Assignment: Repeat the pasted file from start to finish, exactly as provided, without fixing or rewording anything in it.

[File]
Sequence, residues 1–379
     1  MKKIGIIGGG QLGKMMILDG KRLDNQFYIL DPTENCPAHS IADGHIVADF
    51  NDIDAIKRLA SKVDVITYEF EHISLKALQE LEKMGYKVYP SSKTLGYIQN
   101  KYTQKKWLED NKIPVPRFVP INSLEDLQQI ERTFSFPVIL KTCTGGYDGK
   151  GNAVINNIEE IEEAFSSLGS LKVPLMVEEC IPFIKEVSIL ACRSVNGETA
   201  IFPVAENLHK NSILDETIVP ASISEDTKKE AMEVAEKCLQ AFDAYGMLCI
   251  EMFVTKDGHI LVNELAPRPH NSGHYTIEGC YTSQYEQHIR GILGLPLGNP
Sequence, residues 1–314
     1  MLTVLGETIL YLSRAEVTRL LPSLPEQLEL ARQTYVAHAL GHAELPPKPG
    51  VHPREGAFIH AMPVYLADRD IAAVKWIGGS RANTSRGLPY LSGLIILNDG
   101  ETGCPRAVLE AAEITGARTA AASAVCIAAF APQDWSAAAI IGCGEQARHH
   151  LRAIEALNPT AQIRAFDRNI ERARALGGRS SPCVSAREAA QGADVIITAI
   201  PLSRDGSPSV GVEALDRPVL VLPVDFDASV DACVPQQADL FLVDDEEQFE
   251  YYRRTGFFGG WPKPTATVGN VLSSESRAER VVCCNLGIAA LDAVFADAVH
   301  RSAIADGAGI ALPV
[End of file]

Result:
Sequence, residues 1–379
     1  MKKIGIIGGG QLGKMMILDG KRLDNQFYIL DPTENCPAHS IADGHIVADF
    51  NDIDAIKRLA SKVDVITYEF EHISLKALQE LEKMGYKVYP SSKTLGYIQN
   101  KYTQKKWLED NKIPVPRFVP INSLEDLQQI ERTFSFPVIL KTCTGGYDGK
   151  GNAVINNIEE IEEAFSSLGS LKVPLMVEEC IPFIKEVSIL ACRSVNGETA
   201  IFPVAENLHK NSILDETIVP ASISEDTKKE AMEVAEKCLQ AFDAYGMLCI
   251  EMFVTKDGHI LVNELAPRPH NSGHYTIEGC YTSQYEQHIR GILGLPLGNP
Sequence, residues 1–314
     1  MLTVLGETIL YLSRAEVTRL LPSLPEQLEL ARQTYVAHAL GHAELPPKPG
    51  VHPREGAFIH AMPVYLADRD IAAVKWIGGS RANTSRGLPY LSGLIILNDG
   101  ETGCPRAVLE AAEITGARTA AASAVCIAAF APQDWSAAAI IGCGEQARHH
   151  LRAIEALNPT AQIRAFDRNI ERARALGGRS SPCVSAREAA QGADVIITAI
   201  PLSRDGSPSV GVEALDRPVL VLPVDFDASV DACVPQQADL FLVDDEEQFE
   251  YYRRTGFFGG WPKPTATVGN VLSSESRAER VVCCNLGIAA LDAVFADAVH
   301  RSAIADGAGI ALPV